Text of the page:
Saikano (aka: Saishuu-heiki Kanojo) Vol. #02 (Mania.com)
Review Date: Friday, November 12, 2004
Release Date: Wednesday, September 01, 2004
Translated by:Yuko Sawada / Adaptation: Lance Caselman
What They Say
Chise is a cute, slighly clumsy, shy teenager - just like most high school girls. but one thing makes her very different - she's been engineered to be the ultimate weapon for Japan's Special-Defese Forces. To further complicate her life, Chise accidentally hurts an innocent bystander on one of her cover missions. Her boyfriend, Shuji, rushes to help the injured girl and discovers that it's his first love.
The Review: (please note that content portions of a review may contain spoilers)
The war in Japan continues. Television broadcasts and the internet are suspended. Rumors run rampant. The main island of Honshu has been hit hard by the enemy. Tokyo is in ruins. No one knows if any of it's true. Meanwhile, Chise and Shuji continue to go to school and act like everything's normal. They don't talk about the night when they were supposed to leave together and she didn't show up. They try to pretend, but things aren't the same between them any more. There is an uncomfortable awkwardness they can't get past. Chise continues to go on missions. She encounters an American squad that's almost been entirely wiped out. One of the soldiers, enraged by grief and the pain of his wounds, pulls a gun on her. And Chise, the Ultimate Weapon and a high school girl, destroys everything around her, friend and foe alike.
Back at school, what's really bothering her is the question of Shuji's first love, which he's avoiding. Akemi knows, though. Fuyumi was a woman a few years older who took Shuji to bed a couple of years earlier. Fuyumi is married, but her husband is an officer in the army and she's alone all of the time. When Chise activates for a mission, the shockwave knocks a passing woman off her bicycle. Shuji goes to her aid and discovers it's Fuyumi. He helps her home, but she immediately tries to seduce him. She loves her husband, but she can't stand being alone.
Shuji tries to find a way to be better to Chise, and decides to take her on a real date to see the aquarium. She turns off her pager so she can actually spend some time with him. It goes well until the Self Defense Force shows up. She's needed. In between battles, Chise spends some time with the troops. Their commander is Tetsu, who happens to be the husband of Fuyumi. The soldiers worship Chise, and treat her like a pop idol. Only slowly do they begin to understand what a danger she is to them. She still doesn't have much control over her abilities. If she isn't careful, she'll obliterate the entire city they're in in the blink of an eye. When the enemy targets Chise, she does exactly that. Tetsu and a few men survive, and as they approach her, she smiles and asks them to kill her. But she can't be killed. At this point, there may not be a weapon on Earth that can kill her.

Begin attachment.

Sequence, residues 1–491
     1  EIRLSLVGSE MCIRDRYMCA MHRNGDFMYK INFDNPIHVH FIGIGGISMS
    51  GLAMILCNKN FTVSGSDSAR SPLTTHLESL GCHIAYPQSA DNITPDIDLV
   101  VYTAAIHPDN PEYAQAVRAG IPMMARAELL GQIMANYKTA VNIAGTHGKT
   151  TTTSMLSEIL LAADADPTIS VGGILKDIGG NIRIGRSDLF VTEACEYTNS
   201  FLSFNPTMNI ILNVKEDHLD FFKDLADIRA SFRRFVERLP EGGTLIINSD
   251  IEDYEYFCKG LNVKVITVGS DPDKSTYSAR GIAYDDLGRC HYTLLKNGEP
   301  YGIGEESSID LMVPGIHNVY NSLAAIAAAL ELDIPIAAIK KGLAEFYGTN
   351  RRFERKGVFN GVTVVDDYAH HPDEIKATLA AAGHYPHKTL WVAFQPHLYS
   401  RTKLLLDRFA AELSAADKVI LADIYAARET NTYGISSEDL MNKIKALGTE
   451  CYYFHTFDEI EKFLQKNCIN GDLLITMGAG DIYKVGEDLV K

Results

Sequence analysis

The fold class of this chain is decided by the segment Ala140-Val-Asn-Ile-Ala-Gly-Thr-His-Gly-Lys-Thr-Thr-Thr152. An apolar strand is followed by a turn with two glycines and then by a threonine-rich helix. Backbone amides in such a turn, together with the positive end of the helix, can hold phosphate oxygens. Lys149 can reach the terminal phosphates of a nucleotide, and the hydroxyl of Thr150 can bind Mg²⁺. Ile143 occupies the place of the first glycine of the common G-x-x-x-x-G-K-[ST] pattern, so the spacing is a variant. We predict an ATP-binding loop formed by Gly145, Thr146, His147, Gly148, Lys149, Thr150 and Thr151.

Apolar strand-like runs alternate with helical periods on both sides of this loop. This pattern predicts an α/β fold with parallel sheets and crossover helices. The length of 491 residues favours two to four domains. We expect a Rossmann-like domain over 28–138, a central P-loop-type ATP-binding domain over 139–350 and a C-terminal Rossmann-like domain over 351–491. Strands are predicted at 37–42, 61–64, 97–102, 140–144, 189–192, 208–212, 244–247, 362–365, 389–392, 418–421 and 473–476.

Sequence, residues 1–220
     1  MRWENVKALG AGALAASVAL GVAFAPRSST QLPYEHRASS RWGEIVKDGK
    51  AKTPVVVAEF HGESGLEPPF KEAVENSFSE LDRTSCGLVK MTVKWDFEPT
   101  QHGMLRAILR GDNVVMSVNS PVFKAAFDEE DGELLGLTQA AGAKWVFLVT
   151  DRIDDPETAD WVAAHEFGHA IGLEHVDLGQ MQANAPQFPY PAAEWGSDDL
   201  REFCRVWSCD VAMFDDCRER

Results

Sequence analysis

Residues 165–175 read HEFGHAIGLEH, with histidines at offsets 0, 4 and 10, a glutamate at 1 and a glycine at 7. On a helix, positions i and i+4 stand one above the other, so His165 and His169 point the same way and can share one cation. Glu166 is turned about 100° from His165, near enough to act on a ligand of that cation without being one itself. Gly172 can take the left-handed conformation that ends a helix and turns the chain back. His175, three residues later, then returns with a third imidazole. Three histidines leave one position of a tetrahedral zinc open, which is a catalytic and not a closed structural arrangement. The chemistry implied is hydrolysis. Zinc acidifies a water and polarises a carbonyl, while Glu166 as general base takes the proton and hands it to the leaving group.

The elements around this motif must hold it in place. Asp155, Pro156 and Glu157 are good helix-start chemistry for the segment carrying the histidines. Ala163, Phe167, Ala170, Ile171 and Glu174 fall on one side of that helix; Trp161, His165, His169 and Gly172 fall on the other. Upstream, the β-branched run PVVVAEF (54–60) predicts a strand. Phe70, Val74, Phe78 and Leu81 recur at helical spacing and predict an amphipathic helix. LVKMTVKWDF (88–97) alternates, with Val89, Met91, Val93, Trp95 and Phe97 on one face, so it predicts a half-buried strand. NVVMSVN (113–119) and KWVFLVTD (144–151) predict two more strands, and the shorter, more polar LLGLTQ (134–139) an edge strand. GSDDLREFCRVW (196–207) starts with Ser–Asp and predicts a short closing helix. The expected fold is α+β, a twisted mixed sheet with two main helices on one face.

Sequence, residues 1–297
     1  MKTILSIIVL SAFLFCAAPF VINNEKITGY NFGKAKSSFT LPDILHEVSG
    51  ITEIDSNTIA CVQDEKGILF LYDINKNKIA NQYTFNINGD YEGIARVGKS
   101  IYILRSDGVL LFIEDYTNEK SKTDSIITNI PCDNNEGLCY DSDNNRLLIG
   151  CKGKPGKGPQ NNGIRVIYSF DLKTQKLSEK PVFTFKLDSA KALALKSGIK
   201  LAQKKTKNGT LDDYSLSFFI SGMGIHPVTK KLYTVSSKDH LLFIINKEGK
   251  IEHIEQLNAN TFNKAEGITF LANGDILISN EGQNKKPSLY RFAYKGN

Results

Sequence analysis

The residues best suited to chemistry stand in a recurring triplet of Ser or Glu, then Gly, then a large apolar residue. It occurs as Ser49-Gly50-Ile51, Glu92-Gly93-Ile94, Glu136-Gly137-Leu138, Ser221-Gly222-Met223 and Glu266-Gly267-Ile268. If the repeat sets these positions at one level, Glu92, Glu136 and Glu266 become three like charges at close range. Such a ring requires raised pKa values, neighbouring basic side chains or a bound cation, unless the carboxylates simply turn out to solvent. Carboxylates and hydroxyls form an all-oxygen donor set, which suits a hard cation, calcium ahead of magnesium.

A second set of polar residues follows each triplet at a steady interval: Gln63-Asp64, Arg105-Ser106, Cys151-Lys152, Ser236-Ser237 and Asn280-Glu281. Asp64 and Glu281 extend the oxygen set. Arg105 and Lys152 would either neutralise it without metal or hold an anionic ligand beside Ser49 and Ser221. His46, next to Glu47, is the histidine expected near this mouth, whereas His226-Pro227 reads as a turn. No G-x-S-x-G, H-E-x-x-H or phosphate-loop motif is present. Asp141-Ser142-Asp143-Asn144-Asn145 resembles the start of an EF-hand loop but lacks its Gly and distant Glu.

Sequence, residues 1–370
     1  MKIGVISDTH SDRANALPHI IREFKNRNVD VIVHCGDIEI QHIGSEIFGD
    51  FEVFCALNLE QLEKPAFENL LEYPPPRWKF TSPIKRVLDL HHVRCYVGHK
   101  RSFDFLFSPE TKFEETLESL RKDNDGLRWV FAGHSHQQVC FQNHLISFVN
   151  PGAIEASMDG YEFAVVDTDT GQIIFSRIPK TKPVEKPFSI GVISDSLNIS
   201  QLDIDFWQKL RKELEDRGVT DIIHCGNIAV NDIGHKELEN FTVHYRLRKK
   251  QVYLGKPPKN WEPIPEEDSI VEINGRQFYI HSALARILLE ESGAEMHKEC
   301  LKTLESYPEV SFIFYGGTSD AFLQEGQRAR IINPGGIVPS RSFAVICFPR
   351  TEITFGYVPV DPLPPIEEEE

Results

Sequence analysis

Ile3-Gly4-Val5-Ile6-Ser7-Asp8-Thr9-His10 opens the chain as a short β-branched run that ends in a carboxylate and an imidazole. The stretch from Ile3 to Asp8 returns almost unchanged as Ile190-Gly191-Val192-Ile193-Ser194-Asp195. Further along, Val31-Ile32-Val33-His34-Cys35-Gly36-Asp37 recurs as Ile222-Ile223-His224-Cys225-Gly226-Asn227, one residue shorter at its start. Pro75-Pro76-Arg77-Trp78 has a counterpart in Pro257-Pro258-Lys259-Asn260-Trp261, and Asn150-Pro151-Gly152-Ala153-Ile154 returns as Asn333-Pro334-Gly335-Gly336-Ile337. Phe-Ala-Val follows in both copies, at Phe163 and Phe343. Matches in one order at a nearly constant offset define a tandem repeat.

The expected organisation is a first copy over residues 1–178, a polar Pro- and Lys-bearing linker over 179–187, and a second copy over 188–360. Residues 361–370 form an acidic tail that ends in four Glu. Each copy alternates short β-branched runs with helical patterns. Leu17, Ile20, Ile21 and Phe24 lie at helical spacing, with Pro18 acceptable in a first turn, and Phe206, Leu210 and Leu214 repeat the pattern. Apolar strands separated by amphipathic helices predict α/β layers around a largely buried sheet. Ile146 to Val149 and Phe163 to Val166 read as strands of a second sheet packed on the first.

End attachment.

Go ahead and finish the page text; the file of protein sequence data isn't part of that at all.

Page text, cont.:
Back at school, she and Shuji continue to struggle with each other. Chise's defense systems are so good, she is able to predict an earthquake that's about to hit the high school. Unfortunately, her body's not able to discern between an earthquake and an attack. It will respond the same way. When the earthquake hits, she will wipe out the school and everyone in it.
Saikano continues to be one of the most extraordinary manga I've ever read. The premise of teen love during the time of war, compounded by the fact that the girl is a highly dangerous weapon, works surprisingly well. In this volume, we finally follow Chise into battle, and see the horror she is capable of. Shin Takahashi's story telling continues to be highly original. When Chise destroys an entire city, he gives us 4 pages of nothing but black, making the reader fill in the blanks with their imagination. The writing is as powerful as ever. Quiet moments between Shuji and Chise reverberate with meaning, contrasting with the scenes of violence and horror. Takahashi's art is thin and spare, with a wispy quality. He continues to use comical caricatures of his characters in places, especially in school when classmates are talking and being rowdy. The language is coarse and graphic at times, both in school and on the battlefield. Lance Caselman's adaptation is excellent, bringing out the pathos, but without resorting to cheap sympathy or manipulation.
The art reproduction looks good. With such thin linework and so much screentone, it's important to get it right, and it appears Viz has done just that. All sound effects are translated and retouched into English, though sometimes it's obvious where the cut and paste has been done to fill in the background art where the Japanese text used to be. The cover is a picture of a nude Chise seen from the back. Insect-like biomechanical wings have sprouted from her shoulder blades. The color is soft and pale, like a watercolor painting. The back cover image is the same, but in a line drawing, with everything in orange.
The brilliance in Saikano is in the honesty of the emotions. Shuji and Chise are real people in an extraordinary situation. They stuggle, they make mistakes and they keep trying. Each volume is an emotional rollercoaster that leaves me drained. Highly recommended.
Mania Grade: A+
Art Rating: A-
Packaging Rating: B+
Text/Translatin Rating: A
Age Rating: 16 & Up
Released By: Viz Media
Orientation: Right to Left